In our recent article on the UAW contract battle, we said that this would be a big test for Shawn Fain and the new UAW leadership. We explained that the key question would be whether the new UAW leaders would try to lead a struggle within the limits of what is acceptable to the capitalist system, or whether they would challenge the very system that demands poor wages and conditions. The Flint Sit-Down strike of 1936–37 and other class-struggle plant occupations threw down the gauntlet to the employers: Who really runs the factory—the workers or the owners?
Since our article was published, the UAW has gone on a limited strike, with Brother Fain himself launching what he claimed would be this generation’s answer to the sit-down strike tactic of the 1930s: a “stand up strike.” At 12:01 a.m. Friday, September 15, 2023, the UAW struck three plants, one for each of the Big Three: Wentzville (GM) in Missouri; Toledo, Ohio (Stellantis); and the Michigan Assembly Plant (Ford). These three strikes involve around 12,700 workers, less than 10% of the UAW autoworkers’ membership.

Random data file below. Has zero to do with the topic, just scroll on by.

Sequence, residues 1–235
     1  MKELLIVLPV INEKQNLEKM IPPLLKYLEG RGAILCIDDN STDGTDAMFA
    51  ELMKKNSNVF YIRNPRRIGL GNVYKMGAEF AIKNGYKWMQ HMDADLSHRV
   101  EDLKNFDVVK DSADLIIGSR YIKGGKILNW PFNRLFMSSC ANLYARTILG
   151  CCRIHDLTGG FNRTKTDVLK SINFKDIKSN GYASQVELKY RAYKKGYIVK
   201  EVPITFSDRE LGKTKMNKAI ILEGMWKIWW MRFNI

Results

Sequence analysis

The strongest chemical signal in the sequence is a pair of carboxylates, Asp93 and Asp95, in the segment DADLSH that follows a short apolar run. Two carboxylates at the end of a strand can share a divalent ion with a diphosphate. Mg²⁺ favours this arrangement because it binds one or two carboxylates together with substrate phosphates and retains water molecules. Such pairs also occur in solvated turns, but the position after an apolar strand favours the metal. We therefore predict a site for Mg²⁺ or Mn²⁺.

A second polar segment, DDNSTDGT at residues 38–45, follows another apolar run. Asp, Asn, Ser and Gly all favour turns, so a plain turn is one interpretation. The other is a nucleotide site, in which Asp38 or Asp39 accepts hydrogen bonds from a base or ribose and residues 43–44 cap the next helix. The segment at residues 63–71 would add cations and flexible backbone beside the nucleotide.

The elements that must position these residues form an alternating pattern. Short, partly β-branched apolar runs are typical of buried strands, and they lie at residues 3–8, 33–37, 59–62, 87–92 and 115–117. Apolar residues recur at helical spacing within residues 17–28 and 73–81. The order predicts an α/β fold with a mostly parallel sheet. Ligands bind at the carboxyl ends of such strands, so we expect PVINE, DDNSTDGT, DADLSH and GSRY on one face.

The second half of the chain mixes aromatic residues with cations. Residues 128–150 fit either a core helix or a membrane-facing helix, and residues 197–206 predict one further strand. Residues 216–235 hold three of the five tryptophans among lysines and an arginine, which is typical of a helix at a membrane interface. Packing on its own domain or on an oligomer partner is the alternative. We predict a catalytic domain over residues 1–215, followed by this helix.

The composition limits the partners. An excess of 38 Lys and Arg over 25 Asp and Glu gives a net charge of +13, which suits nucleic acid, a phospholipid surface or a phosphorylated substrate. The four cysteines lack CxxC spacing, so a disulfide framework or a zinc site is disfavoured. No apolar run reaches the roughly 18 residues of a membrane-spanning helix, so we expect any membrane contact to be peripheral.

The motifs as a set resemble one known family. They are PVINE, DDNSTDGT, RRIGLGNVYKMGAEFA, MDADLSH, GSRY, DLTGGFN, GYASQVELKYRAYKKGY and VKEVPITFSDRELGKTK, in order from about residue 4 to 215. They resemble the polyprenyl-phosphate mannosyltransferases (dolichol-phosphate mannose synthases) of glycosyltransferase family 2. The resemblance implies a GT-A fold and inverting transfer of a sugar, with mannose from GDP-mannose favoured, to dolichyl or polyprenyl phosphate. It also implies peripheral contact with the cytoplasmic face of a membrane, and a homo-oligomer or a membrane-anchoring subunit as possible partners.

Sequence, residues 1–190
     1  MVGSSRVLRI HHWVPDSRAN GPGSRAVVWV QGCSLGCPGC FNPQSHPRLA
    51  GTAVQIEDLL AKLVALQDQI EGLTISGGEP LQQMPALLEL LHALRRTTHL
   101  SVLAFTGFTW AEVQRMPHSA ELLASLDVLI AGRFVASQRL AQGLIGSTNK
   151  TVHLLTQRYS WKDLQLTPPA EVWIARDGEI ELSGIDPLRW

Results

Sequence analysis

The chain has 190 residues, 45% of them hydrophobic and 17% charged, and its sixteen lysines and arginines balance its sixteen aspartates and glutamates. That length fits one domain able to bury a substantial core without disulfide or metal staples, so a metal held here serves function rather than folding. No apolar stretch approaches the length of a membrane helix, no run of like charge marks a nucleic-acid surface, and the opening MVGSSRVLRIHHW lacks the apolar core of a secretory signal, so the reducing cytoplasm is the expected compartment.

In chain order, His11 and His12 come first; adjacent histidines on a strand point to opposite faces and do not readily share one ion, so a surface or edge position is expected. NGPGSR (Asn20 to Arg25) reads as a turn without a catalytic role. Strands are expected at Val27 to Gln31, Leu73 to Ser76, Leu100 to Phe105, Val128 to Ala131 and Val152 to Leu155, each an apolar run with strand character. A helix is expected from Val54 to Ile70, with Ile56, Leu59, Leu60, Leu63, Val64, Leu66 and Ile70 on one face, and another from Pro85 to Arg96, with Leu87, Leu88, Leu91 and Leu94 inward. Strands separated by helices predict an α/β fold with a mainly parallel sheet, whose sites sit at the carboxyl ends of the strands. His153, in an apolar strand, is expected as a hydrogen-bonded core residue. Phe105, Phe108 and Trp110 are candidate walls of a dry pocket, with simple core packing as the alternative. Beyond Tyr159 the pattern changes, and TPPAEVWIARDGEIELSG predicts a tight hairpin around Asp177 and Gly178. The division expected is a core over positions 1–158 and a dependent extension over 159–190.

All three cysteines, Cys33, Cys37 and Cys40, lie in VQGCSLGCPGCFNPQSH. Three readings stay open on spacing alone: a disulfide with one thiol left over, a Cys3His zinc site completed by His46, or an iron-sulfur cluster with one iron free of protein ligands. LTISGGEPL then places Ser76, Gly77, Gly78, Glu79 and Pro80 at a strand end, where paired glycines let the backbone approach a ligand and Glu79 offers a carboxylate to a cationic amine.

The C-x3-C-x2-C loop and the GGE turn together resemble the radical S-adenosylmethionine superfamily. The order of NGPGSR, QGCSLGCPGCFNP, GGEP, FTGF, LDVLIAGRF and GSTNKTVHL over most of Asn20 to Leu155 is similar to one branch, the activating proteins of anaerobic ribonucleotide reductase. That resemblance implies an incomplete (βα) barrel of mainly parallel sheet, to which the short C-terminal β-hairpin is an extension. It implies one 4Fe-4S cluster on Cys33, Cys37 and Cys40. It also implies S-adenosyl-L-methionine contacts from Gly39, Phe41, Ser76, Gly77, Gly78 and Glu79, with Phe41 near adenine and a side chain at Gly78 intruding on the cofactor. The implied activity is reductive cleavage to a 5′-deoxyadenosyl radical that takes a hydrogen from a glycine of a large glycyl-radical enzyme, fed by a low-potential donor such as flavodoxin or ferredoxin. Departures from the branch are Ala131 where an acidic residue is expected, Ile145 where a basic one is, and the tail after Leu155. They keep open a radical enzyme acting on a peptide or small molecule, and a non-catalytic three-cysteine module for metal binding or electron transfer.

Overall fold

Keep them guessing?
President Fain has said that rather than having all the autoworkers go on strike, the union leaders would choose which particular plants would go on strike at any given time. He claims that this would keep the Big Three guessing which plants would be next.
We think this tactic has many serious weaknesses. For starters, maybe the Big Three might not know exactly what is going on, but many UAW members are left confused as well. There are times where the element of surprise can help win a battle, but is this such an example? When your own forces are disoriented, it can only hurt morale and weaken resolve.